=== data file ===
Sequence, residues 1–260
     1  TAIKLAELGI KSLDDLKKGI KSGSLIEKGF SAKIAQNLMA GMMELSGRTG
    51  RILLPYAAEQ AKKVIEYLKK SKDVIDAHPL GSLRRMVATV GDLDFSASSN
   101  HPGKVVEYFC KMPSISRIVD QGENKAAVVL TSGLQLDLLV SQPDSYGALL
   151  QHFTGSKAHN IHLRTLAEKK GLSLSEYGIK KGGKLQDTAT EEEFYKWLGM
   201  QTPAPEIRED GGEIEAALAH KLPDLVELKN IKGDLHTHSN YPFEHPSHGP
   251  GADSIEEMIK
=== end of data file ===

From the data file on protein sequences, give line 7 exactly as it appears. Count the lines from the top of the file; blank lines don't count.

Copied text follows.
   251  GADSIEEMIK